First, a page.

NASA delays first Crew Dragon operational mission to November

SpaceX wants to study a Falcon 9 anomaly first.

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We hope you weren’t planning to spend Halloween watching NASA and SpaceX launch the first Crew Dragon operational mission. NASA has delayed the Crew-1 launch to at least early-to-mid November as SpaceX wanted extra time to finish evaluating the “off-nominal behavior” of a Falcon 9 rocket during a private flight. SpaceX wanted to know what happened with the first stage engine gas generators before moving forward.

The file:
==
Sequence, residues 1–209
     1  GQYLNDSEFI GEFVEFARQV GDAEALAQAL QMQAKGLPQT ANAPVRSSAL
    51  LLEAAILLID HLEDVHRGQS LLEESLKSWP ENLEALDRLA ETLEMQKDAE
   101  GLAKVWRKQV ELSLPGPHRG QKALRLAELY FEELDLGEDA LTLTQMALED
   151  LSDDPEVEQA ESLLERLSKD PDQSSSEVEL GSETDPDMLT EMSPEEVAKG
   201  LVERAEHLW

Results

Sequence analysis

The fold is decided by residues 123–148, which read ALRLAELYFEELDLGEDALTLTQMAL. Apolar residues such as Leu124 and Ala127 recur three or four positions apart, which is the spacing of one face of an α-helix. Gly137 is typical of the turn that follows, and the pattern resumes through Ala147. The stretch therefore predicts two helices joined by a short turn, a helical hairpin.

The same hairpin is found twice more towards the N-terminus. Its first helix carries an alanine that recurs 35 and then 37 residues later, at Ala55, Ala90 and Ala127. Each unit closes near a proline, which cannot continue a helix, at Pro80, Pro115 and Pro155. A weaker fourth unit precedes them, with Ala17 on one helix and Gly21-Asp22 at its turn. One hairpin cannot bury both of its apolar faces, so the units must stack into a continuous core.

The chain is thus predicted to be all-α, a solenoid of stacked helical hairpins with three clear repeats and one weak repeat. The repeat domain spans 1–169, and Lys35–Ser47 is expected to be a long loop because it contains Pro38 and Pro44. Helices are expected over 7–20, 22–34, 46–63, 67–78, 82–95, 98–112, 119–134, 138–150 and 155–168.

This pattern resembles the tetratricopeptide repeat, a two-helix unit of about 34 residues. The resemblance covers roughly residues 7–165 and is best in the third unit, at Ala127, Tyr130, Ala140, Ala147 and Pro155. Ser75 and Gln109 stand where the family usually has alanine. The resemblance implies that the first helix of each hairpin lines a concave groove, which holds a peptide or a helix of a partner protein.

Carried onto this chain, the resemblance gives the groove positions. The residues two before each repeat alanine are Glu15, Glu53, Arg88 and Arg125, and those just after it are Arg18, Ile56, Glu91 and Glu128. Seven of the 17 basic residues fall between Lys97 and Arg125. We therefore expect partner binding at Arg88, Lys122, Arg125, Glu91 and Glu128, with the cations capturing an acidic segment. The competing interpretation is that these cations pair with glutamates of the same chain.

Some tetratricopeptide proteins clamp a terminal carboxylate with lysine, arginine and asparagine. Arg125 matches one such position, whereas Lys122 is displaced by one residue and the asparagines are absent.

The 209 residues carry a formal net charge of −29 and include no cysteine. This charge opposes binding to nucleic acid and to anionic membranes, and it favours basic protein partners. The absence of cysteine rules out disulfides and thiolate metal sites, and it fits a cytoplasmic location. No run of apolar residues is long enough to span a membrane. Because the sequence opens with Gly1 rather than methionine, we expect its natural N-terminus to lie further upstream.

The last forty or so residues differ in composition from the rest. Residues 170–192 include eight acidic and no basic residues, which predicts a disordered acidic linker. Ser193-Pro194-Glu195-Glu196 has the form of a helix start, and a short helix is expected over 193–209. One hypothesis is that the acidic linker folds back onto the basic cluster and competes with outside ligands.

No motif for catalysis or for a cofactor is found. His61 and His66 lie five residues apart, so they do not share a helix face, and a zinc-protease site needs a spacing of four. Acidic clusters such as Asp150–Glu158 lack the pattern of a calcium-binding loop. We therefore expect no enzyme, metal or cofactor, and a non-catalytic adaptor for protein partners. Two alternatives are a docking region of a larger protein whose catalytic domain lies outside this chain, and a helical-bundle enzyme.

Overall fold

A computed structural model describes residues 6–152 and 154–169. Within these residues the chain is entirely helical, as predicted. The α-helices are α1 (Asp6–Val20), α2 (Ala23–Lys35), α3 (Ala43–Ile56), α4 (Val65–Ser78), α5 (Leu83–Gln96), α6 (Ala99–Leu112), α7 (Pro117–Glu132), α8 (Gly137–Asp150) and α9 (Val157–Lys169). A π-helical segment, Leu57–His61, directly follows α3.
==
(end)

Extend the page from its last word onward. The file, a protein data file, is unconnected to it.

NASA associate administrator Kathy Lueders said both the agency and SpaceX were “actively working this finding” and hoped to be a “lot smarter” about the engines within the next week.

Other NASA flights depending on the Falcon 9 are still on track, including a partnership with the ESA on a satellite (Sentinel-6 Michael Freilich) launching November 10th and a resupply mission due in late November or early December.

Much is riding on Crew-1. While the Demo-2 flight made history as a return to American astronauts launching from their home soil, Crew-1 represents the first standard NASA mission using an occupied, privately made capsule. It’ll be a while before such flights are considered normal, but this is a crucial step in that direction.

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